occupation, sickness and malnutrition spread throughout Sarawak. The
Rajah, resuming control in 1946, decided that in the interests of
Sarawak, he should make a gift of it to the UK Crown. Sarawak became a
UK colony in July 1946.
The Federation of Malaysia
Early in 1956, the governments of the Federation of Malaya and the UK
and the Heads of the Malay States agreed that the Federation should
achieve independence by the end of August 1957 if possible. On 31 August
1957 the Federation of Malaya became an independent nation and joined
the Commonwealth. Penang and Malacca became states of the Federation.
Tengku (prince) Abdul Rahman, leader of the independence movement,
became Prime Minister.
The Malaysia Agreement, under which North Borneo, Sarawak and Singapore
(but not Brunei) would become states in the new Federation of Malaysia,
was signed in 1963 by the UK, Malaya, North Borneo, Sarawak and
Singapore. The Federation of Malaysia came into being on 16 September
1963. In 1965, by mutual agreement, Singapore left the Federation and
became an independent state.
In the 1969 elections, the Alliance Party lost many seats to the
Pan-Malaysian Islamic Party, Gerakan Rakyat Malaysia and the
Chinese-based Democratic Action Party. Amid violent ethnic clashes, the
government suspended parliament and the national operations council
ruled by decree for two years. On the resignation of Tengku Abdul Rahman
in 1970, Tun Abdul Razak became Prime Minister.
Although Malays formed over half the population, in 1970 they accounted
for about one per cent of national income. A ‘new economic policy’
introduced positive discrimination – in education, civil service, armed
services and business – designed to increase the share of the Malay and
other bumiputera (sons of the soil) groups to 30 per cent of national
income within twenty years. After the parliamentary system was restored,
the National Front (Barisan Nasional) – a multiethnic alliance led by
UMNO – won over two-thirds of seats at all elections of the 1970s, 1980s
and 1990s (and this continued into the 2000s). In 1981 Dr Mahathir
Mohamad became Prime Minister.
Malays have dominated the political system since independence, and
support in the Malay-dominated rural areas is crucial for political
success at the national level. However, to command a parliamentary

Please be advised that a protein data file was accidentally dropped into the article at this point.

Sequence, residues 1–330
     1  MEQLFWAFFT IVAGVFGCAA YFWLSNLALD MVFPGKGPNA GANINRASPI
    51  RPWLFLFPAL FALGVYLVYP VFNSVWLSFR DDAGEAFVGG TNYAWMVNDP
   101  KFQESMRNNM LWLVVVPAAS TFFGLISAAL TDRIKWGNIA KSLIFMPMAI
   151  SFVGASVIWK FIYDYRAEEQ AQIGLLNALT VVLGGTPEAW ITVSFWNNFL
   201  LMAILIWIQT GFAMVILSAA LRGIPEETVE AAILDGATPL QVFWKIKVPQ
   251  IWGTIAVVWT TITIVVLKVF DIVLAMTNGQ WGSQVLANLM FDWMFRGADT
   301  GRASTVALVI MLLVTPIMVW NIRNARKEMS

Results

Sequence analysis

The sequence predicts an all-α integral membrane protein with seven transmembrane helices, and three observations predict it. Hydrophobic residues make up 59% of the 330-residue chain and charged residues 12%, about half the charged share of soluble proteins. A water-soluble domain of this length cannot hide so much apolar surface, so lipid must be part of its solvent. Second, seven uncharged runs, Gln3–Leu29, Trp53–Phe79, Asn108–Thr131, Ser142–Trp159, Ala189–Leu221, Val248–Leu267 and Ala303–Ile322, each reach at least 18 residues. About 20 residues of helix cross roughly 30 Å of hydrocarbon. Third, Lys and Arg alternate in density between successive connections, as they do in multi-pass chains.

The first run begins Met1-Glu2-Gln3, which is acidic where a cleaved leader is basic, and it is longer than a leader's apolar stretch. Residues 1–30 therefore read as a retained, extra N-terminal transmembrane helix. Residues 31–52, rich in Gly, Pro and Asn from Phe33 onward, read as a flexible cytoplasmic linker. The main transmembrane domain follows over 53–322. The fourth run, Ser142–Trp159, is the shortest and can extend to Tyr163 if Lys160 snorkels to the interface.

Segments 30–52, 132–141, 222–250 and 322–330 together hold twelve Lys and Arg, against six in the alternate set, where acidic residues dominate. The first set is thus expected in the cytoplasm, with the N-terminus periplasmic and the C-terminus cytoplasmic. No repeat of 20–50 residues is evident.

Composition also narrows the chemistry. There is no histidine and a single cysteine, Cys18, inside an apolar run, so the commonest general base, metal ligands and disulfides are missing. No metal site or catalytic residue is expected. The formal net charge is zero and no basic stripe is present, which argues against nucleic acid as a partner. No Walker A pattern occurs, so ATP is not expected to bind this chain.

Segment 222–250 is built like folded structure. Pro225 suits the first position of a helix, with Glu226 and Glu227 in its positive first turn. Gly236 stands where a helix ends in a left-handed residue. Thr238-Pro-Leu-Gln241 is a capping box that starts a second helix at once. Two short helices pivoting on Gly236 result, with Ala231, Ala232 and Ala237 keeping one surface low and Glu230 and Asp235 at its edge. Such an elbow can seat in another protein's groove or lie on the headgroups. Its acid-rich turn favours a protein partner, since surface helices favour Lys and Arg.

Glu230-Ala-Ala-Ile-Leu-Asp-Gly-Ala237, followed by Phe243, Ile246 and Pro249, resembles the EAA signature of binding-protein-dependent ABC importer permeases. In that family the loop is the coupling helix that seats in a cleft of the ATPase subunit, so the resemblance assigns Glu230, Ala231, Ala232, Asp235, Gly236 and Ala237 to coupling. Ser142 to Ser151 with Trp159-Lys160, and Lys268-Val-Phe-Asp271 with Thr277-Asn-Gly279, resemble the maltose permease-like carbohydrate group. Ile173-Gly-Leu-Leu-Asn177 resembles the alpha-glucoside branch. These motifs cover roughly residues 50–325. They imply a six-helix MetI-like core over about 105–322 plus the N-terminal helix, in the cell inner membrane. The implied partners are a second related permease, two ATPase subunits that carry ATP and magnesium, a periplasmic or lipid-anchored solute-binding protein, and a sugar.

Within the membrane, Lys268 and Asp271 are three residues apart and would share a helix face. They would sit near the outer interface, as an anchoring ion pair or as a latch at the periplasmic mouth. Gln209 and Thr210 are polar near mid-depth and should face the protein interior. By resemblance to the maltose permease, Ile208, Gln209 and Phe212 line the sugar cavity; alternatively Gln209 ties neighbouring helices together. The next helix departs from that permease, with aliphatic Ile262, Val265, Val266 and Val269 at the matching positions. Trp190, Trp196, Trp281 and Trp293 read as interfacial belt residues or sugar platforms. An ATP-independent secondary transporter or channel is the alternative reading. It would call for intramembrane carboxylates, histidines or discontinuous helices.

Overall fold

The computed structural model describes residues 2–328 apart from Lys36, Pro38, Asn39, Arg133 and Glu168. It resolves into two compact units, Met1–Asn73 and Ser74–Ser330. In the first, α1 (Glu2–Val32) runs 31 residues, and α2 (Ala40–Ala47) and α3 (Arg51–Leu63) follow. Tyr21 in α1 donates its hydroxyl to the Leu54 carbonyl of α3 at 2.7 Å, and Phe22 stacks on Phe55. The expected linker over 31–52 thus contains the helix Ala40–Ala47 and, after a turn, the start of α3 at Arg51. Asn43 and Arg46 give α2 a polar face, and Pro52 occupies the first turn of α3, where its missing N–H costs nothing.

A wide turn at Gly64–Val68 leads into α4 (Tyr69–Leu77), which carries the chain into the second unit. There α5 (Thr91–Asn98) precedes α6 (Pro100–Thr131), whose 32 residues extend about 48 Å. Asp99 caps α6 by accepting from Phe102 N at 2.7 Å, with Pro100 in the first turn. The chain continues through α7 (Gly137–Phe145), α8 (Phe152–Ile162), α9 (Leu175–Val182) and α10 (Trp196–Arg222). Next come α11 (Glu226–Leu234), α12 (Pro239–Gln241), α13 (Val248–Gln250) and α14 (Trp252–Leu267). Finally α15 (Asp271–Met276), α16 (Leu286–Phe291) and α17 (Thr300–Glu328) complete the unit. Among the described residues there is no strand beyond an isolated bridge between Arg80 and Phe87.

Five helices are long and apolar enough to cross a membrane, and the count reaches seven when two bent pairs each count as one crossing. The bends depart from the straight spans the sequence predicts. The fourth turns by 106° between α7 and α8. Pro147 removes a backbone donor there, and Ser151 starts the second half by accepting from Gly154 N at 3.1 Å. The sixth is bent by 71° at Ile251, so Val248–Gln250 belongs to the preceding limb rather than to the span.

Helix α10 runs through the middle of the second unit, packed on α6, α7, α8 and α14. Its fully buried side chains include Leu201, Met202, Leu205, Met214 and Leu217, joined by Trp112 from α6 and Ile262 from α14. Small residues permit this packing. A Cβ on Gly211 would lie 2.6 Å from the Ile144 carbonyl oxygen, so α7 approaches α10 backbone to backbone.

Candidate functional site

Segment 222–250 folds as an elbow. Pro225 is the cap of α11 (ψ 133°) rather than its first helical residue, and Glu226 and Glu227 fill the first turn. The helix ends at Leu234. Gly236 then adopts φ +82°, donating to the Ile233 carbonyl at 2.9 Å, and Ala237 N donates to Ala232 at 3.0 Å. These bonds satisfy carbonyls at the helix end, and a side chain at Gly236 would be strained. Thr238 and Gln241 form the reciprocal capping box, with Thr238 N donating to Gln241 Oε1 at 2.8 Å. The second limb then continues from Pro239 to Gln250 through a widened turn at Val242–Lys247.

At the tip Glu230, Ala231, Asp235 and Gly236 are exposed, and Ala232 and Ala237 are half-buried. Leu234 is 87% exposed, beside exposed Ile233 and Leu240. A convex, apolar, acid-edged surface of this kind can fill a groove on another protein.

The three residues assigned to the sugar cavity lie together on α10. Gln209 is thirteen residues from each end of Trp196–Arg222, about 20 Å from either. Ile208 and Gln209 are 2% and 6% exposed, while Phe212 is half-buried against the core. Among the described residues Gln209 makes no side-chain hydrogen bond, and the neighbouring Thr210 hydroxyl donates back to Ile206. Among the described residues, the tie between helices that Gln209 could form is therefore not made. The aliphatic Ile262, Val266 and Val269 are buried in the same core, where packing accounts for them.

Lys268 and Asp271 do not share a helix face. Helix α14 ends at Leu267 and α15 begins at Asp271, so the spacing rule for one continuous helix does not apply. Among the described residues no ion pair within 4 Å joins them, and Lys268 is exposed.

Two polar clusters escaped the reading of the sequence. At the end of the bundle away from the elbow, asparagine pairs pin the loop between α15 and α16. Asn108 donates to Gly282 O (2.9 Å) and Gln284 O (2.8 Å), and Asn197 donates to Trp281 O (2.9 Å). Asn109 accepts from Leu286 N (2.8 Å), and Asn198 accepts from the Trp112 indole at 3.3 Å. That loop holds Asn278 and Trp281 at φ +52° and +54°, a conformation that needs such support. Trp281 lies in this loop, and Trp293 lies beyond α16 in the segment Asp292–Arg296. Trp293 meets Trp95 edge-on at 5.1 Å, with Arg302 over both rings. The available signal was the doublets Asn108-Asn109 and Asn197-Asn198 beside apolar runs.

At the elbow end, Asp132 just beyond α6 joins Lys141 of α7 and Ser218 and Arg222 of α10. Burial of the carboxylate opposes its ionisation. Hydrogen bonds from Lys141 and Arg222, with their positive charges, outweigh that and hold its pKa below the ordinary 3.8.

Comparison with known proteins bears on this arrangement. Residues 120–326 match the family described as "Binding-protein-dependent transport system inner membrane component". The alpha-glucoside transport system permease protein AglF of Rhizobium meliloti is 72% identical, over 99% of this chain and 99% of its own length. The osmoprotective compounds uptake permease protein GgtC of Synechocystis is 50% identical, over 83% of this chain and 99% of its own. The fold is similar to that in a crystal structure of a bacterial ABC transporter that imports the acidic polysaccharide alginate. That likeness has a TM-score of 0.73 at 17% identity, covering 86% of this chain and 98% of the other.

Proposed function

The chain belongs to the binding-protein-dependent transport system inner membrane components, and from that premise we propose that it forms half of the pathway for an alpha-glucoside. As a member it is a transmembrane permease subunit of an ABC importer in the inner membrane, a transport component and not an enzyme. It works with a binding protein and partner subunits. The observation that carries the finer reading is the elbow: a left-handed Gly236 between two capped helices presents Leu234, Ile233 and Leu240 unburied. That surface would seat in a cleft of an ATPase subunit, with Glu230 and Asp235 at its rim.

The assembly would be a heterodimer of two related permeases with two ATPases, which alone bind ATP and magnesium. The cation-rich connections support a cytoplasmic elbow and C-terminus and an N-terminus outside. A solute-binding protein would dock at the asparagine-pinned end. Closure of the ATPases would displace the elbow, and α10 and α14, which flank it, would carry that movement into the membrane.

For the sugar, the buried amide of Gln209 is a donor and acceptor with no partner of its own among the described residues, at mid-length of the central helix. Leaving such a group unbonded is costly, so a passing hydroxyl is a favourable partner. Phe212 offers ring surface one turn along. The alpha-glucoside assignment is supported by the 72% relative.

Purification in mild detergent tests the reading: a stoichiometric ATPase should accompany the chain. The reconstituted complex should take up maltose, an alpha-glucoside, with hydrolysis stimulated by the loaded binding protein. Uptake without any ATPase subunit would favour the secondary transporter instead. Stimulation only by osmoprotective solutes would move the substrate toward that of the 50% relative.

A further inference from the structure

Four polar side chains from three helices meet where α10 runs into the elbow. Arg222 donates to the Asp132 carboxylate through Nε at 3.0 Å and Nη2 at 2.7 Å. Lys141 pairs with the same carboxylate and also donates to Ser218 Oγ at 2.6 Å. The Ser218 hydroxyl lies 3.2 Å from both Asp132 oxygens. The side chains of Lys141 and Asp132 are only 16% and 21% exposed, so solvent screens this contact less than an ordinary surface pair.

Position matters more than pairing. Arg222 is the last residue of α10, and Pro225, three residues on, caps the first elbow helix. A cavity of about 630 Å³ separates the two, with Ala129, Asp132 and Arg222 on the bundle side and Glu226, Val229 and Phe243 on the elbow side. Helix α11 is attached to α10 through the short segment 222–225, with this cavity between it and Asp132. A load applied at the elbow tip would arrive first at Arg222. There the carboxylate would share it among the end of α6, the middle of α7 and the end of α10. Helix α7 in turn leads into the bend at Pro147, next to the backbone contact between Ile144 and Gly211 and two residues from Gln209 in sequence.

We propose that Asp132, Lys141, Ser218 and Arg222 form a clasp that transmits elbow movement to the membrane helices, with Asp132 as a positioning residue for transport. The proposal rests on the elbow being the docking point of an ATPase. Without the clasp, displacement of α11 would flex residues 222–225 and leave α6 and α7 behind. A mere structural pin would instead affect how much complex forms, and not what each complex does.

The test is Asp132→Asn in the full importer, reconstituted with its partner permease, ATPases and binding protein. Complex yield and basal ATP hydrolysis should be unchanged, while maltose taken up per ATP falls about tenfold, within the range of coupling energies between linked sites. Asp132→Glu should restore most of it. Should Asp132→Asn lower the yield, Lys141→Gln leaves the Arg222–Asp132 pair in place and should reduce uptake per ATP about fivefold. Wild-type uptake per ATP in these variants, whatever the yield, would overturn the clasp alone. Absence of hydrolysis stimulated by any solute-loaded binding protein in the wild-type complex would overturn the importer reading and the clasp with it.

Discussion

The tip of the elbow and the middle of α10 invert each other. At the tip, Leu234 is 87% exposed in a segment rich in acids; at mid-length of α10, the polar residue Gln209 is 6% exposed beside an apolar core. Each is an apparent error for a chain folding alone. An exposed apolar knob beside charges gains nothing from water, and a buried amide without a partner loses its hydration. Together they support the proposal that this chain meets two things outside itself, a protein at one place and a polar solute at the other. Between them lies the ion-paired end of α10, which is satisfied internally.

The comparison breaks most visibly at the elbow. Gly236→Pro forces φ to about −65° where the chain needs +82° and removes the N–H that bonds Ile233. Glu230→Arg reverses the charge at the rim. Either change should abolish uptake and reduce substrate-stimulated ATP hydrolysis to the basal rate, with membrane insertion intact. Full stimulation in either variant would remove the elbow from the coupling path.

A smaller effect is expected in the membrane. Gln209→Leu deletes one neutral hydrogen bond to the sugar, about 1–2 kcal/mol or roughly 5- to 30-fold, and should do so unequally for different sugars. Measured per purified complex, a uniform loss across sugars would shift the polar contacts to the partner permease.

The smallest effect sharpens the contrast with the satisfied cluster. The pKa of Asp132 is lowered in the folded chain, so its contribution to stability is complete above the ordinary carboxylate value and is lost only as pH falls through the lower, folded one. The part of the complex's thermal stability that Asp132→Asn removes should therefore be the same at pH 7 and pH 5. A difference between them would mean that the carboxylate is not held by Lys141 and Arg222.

majority and in the interests of national stability, UMNO has formed
coalitions with parties representing other racial groups. Intercommunal
relations, particularly between the Malays and the Chinese, have
preoccupied governments since independence.
At elections in April 1995, the National Front was returned with a
substantially increased majority, winning 162 seats, comprising UMNO (89
seats), Malaysian Chinese Association (30), Sarawak National Front (27),
Malaysian Indian Congress (seven) and Gerakan Rakyat Malaysia (seven).
The opposition included the Democratic Action Party (DAP, nine), Parti
Bersatu Sabah (PBS, eight), the Pan-Malaysian Islamic Party (PAS, seven)
and Semangat ‘46 (six).
In August 1998 Prime Minister Mahathir Mohamad sacked his Deputy Prime
Minister and Finance Minister, Anwar Ibrahim, who was subsequently
arrested under the detention-without-trial Internal Security Act for
holding a political protest gathering without a police permit. He was
also charged on several counts of sexual misconduct and abuse of power,
charges he denied and said stemmed from a conspiracy to remove him.
Anwar was found guilty of corruption in April 1999 and sentenced to six
years in prison. In August 2000, he was found guilty of sodomy and
sentenced to a further nine years’ imprisonment.
In June 1999, opposition parties led by Anwar’s wife Wan Azizah Ismail
and her new National Justice Party (Parti Keadilan Nasional) formed the
Alternative Front (including the PAS, the DAP and Malaysian People’s
Party), calling for political liberalisation and an end to repressive
laws. However, when the elections were held in November 1999, the ruling
National Front coalition won 148 seats; the combined opposition parties
took 42 seats, with the PBS securing three seats. PAS won control of the
oil-rich state of Terengganu and easily retained its hold on Kelantan
and, for the first time, assumed leadership of the opposition in
parliament. Wan Azizah won the seat of her husband’s former constituency
The Alternative Front was, however, divided over the PAS’s plan to
establish an Islamic state should the Alternative Front win the next
elections due by January 2005. Divisions deepened when the party
announced it would introduce Islamic law in Terengganu, and
subsequently, in July 2002, lost ground to UMNO in by-elections in Kedah
In September 2004 Anwar’s conviction for sodomy was quashed by the
Federal Court and he was released from prison. Then his appeal against
his conviction for corruption was rejected, confirming his exclusion
from parliament until 2008.